Marquard brought cunning curves, blazing speed, and control so crisp that the New York Times suggested he “could have spun the ball over if the home plate was as small as a postage stamp.”10 He left the Polo Grounds slab with one of the finest starts of his career: a 2-0 win over the Brooklyn Dodgers, who had only three baserunners throughout the afternoon. Brooklyn’s hitters sent a mere three balls beyond the infield, routine flies to each of New York’s outfielders. No attendance figure was given, but reports indicated a “small and particularly enthusiastic” crowd.11

“There were no cheers for the Rube when he took the mound at the start,” the Brooklyn Daily Standard Union noted. “But at the end, he came near being mobbed by grateful fans. As he assisted in retiring the last Dodger in the ninth, the crowd surged out for the diamond.”12

Marquard’s only jam came in the seventh, when he issued a one-out walk to Zack Wheat and George Cutshaw reached on an error by shortstop Art Fletcher. Marquard settled in and induced an infield popup and a fly out to end the inning. Brooklyn’s only other baserunner was Casey Stengel, who walked in the second. Third baseman Hans Lobert made a pair of standout defensive plays – stopping a hard smash in the third inning, and scooping up a bunt and throwing to first on the run to record an out in the sixth.

Brooklyn’s Nap Rucker – himself the author of a no-hitter – opposed Marquard in a battle of southpaws and held the Giants to one hit through the first three innings. The Giants broke through in the fourth after Lobert singled, moved to second on Fletcher’s groundout, and scored when George Burns slashed a two-out double off the Ever-Ready safety razor advertisement on the right-field wall. New York added a run in the seventh when Marquard poked a two-out single to right to bring home Fred Merkle. The Giants left runners in scoring position in the fifth and seventh innings.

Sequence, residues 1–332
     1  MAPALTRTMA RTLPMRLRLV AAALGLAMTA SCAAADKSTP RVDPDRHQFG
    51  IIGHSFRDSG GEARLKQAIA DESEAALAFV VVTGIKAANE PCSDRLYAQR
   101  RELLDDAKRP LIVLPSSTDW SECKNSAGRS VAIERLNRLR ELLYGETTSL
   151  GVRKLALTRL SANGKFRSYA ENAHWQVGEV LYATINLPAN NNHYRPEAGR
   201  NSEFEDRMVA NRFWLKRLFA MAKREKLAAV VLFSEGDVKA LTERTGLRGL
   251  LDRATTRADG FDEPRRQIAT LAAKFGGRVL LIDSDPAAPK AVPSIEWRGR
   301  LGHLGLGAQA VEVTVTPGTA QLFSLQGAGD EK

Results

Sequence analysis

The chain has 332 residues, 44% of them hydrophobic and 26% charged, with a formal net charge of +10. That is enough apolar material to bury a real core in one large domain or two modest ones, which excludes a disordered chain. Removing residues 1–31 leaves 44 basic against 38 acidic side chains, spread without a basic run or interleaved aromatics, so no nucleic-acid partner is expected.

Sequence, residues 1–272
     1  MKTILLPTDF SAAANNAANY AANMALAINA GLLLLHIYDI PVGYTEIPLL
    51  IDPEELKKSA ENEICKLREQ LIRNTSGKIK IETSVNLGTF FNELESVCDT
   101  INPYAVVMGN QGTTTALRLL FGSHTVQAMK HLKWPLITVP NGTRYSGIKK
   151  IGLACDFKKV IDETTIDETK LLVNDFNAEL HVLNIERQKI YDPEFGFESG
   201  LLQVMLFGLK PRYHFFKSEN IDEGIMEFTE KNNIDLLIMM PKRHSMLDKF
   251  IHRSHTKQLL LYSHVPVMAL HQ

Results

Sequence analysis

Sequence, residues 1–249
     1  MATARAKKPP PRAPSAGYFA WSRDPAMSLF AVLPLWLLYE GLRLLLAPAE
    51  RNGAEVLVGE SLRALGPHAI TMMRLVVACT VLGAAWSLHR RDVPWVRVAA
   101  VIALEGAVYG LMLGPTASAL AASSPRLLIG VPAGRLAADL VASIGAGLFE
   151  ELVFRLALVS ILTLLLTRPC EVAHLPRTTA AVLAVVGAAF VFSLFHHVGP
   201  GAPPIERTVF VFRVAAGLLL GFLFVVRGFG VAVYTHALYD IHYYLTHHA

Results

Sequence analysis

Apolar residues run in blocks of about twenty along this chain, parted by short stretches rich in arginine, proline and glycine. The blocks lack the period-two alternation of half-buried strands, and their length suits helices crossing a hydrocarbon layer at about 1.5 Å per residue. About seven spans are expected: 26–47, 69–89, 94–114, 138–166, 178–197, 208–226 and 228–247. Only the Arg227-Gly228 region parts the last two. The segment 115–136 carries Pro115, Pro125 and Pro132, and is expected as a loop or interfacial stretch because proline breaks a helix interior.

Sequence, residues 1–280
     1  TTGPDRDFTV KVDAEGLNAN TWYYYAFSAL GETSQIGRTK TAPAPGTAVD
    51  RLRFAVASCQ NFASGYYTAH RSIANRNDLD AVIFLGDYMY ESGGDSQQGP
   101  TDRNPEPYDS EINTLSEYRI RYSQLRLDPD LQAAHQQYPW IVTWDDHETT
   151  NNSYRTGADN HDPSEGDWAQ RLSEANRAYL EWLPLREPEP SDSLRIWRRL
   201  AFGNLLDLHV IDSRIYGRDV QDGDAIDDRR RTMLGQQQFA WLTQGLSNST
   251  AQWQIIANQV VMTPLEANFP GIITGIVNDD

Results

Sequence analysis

In the bottom of the ninth, Marquard retired Joe Schultz and Hy Myers to bring up Wheat. Marquard shook off two signals from catcher Jack Meyers after Wheat had worked him to a 2-and-2 count, but Marquard’s off-speed pitch fooled the 26-year-old, who hit a weak tapper back to the mound. Marquard threw to first for the final out.13

“Was there a thing [Marquard] could have done that would have restored him to the good graces of the fans so quickly as this no hit, shutout game?” asked the Standard-Union. “Hardly.”14

Coupled with a 16-3 win on Opening Day, the Giants had a 2-0 start for the first time since 1905, but the seven consecutive losses that followed previewed the rest of New York’s season more accurately. The Dodgers opened the campaign at 1-6, though Brooklyn eventually righted the ship.

The no-hitter added to Marquard’s collection of accomplishments, which included a 21-inning complete-game victory over the Pirates in 1914 and 19 straight victories to open the 1912 season. Fans hoped the no-hitter was a sign that Marquard would pitch more like he did while winning 73 games between 1911 and ’13. He instead split the difference, going 9-8 before McGraw grew tired of his inconsistencies and released him to the team he had no-hit.